Drum, C.L., S.Z. Yan, R. Sarac, Y. Mabuchi, K. Beckingham, A. Bohm, Z.Grabarek, and W.J. Tang. 2000. An extended conformation of calmodulininduces interactions between the structural domains of adenylyl cyclasefrom Bacillus anthracis to promote catalysis. J Biol Chem. 275:36334-40. Cerca con Google

Duclos, S., R. Corsini, and M. Desjardins. 2003. Remodeling of endosomesduring lysosome biogenesis involves 'kiss and run' fusion eventsregulated by rab5. J Cell Sci. 116:907-18. Cerca con Google

Fouet, A., and M. Mock. 1996. Differential influence of the two Bacillus anthracisplasmids on regulation of virulence gene expression. Infect Immun.64:4928-32. Cerca con Google

Fuld, S., G. Borland, and S.J. Yarwood. 2005. Elevation of cyclic AMP in JurkatT-cells provokes distinct transcriptional responses through the proteinkinase A (PKA) and exchange protein activated by cyclic AMP (EPAC)pathways. Exp Cell Res. 309:161-73. Cerca con Google

Gruenberg, J. 2001. The endocytic pathway: a mosaic of domains. Nat Rev MolCell Biol. 2:721-30. Cerca con Google

Guidi-Rontani, C., M. Weber-Levy, M. Mock, and V. Cabiaux. 2000. Cerca con Google

Translocation of Bacillus anthracis lethal and oedema factors acrossendosome membranes. Cell Microbiol. 2:259-64. Cerca con Google

Guignot, J., M. Mock, and A. Fouet. 1997. AtxA activates the transcription ofgenes harbored by both Bacillus anthracis virulence plasmids. FEMSMicrobiol Lett. 147:203-7. Cerca con Google

Guo, Q., Y. Shen, N.L. Zhukovskaya, J. Florian, and W.J. Tang. 2004.Structural and kinetic analyses of the interaction of anthrax adenylylcyclase toxin with reaction products cAMP and pyrophosphate. J BiolChem. 279:29427-35. Cerca con Google

Hanks, S., S. Adams, J. Douglas, L. Arbour, D.J. Atherton, S. Balci, H. Bode,M.E. Campbell, M. Feingold, G. Keser, W. Kleijer, G. Mancini, J.A.McGrath, F. Muntoni, A. Nanda, M.D. Teare, M. Warman, F.M. Pope, A.Superti-Furga, P.A. Futreal, and N. Rahman. 2003. Mutations in the geneencoding capillary morphogenesis protein 2 cause juvenile hyaline Cerca con Google

fibromatosis and infantile systemic hyalinosis. Am J Hum Genet. 73:791-800. Cerca con Google

Hoffmaster, A.R., and T.M. Koehler. 1997. The anthrax toxin activator geneatxA is associated with CO2-enhanced non-toxin gene expression inBacillus anthracis. Infect Immun. 65:3091-9. Cerca con Google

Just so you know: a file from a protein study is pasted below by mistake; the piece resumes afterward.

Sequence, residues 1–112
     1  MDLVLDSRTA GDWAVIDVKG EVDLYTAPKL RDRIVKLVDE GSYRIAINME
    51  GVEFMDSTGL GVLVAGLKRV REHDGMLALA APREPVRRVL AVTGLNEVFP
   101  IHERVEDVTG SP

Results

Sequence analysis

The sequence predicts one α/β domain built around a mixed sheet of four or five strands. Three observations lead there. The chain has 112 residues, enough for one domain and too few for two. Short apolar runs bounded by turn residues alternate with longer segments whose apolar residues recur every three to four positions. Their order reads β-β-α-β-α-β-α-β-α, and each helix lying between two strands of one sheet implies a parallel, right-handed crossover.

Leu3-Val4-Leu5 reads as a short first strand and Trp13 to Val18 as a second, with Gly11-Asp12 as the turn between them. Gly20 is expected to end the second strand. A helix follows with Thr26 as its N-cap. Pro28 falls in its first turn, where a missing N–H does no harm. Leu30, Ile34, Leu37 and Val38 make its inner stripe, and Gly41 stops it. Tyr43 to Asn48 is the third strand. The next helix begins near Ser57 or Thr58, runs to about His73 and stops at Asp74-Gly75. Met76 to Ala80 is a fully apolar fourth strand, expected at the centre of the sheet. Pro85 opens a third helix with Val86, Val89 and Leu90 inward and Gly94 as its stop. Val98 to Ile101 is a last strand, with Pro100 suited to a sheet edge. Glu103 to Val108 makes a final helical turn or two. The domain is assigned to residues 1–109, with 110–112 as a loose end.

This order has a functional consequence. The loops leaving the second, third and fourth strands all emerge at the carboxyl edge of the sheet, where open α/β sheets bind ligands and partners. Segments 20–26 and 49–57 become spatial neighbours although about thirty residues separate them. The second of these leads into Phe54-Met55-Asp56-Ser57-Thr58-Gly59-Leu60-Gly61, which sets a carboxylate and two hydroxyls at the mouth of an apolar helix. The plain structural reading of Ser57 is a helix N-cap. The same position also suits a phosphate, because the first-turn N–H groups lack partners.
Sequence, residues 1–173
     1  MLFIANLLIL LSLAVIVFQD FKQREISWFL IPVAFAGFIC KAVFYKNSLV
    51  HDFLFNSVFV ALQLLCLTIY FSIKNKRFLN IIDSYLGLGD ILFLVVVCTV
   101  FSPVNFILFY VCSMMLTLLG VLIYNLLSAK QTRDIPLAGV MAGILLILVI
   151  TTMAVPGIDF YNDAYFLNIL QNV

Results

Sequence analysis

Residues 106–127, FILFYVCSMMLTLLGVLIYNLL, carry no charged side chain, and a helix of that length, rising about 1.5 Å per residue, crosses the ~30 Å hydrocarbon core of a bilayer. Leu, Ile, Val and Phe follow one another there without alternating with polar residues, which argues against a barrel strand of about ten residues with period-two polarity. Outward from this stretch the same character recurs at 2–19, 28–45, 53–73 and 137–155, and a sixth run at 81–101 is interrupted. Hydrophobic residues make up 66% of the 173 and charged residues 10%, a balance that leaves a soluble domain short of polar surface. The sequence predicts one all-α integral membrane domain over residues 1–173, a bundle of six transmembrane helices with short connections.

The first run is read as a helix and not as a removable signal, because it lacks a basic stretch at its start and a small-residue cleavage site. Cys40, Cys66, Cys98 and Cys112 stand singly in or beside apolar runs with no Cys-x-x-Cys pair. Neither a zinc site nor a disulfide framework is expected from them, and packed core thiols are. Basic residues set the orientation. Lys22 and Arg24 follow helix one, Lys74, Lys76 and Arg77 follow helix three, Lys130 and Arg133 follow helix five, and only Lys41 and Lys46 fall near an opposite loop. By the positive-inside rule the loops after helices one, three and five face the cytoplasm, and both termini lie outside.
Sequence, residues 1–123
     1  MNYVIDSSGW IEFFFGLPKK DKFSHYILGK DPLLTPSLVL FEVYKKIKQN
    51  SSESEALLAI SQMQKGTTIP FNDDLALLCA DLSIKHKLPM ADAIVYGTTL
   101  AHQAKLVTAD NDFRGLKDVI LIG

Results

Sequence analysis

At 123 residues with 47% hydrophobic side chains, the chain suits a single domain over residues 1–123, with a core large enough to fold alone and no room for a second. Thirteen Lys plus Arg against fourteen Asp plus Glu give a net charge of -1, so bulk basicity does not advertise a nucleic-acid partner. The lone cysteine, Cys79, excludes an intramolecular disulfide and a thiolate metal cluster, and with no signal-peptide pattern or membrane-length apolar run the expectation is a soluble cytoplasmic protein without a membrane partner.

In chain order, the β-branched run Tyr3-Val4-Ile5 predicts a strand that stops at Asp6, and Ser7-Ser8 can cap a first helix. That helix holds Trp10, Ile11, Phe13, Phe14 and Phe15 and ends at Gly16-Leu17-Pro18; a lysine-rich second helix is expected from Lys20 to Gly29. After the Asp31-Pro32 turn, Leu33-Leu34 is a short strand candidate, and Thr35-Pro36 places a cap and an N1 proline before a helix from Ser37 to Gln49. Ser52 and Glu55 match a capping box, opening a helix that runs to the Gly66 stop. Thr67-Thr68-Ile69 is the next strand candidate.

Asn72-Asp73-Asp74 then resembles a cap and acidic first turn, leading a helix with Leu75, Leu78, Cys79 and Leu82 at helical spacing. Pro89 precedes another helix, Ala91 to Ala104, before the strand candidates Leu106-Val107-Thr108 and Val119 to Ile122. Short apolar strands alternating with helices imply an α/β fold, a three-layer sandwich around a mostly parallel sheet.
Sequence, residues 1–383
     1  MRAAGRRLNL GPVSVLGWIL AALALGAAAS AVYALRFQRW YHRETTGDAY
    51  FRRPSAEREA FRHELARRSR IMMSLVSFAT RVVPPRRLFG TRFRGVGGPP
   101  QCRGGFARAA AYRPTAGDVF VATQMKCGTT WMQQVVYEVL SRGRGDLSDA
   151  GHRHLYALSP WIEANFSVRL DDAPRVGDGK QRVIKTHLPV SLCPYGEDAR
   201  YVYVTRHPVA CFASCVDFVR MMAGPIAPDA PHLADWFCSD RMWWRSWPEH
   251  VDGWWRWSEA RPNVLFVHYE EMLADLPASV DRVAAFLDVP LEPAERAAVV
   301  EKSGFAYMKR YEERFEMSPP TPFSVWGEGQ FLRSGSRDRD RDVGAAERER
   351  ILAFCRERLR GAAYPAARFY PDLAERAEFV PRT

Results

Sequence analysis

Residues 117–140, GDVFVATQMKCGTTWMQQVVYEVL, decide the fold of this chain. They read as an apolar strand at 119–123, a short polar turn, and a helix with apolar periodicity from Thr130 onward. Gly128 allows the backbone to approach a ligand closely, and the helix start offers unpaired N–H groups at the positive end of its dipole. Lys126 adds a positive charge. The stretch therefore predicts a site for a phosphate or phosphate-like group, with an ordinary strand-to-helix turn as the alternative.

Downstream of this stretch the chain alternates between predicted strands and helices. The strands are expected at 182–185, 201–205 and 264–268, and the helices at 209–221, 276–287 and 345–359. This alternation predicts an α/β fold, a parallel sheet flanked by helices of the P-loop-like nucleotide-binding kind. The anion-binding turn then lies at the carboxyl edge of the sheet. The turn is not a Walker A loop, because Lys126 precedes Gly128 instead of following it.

Houslay, M.D., and W. Kolch. 2000. Cell-type specific integration of cross-talkbetween extracellular signal-regulated kinase and cAMP signaling. MolPharmacol. 58:659-68. Cerca con Google

Kumar, P., N. Ahuja, and R. Bhatnagar. 2002. Anthrax edema toxin requiresinflux of calcium for inducing cyclic AMP toxicity in target cells. InfectImmun. 70:4997-5007. Cerca con Google

Ladant, D., and A. Ullmann. 1999. Bordatella pertussis adenylate cyclase: atoxin with multiple talents. Trends Microbiol. 7:172-6. Cerca con Google

Le Blanc, I., P.P. Luyet, V. Pons, C. Ferguson, N. Emans, A. Petiot, N. Mayran,N. Demaurex, J. Faure, R. Sadoul, R.G. Parton, and J. Gruenberg. 2005. Cerca con Google

Endosome-to-cytosol transport of viral nucleocapsids. Nat Cell Biol.7:653-64. Cerca con Google

Leppla, S.H. 1988. Production and purification of anthrax toxin. MethodsEnzymol. 165:103-16. Cerca con Google

Llopis, J., J.M. McCaffery, A. Miyawaki, M.G. Farquhar, and R.Y. Tsien. 1998.Measurement of cytosolic, mitochondrial, and Golgi pH in single livingcells with green fluorescent proteins. Proc Natl Acad Sci U S A. 95:6803-8. Cerca con Google

Mock, M., and T. Mignot. 2003. Anthrax toxins and the host: a story of intimacy.Cell Microbiol. 5:15-23. Cerca con Google

Mongillo, M., A. Terrin, S. Evellin, V. Lissandron, and M. Zaccolo. 2005. Studyof cyclic adenosine monophosphate microdomains in cells. Methods MolBiol. 307:1-13. Cerca con Google

Mourez, M., R.S. Kane, J. Mogridge, S. Metallo, P. Deschatelets, B.R. Sellman,G.M. Whitesides, and R.J. Collier. 2001. Designing a polyvalent inhibitorof anthrax toxin. Nat Biotechnol. 19:958-61. Cerca con Google

Nassi, S., R.J. Collier, and A. Finkelstein. 2002. PA63 channel of anthrax toxin:an extended beta-barrel. Biochemistry. 41:1445-50. Cerca con Google

Paccani, S.R., F. Tonello, R. Ghittoni, M. Natale, L. Muraro, M.M. D'Elios, W.J.Tang, C. Montecucco, and C.T. Baldari. 2005. Anthrax toxins suppress Tlymphocyte activation by disrupting antigen receptor signaling. J ExpMed. 201:325-31. Cerca con Google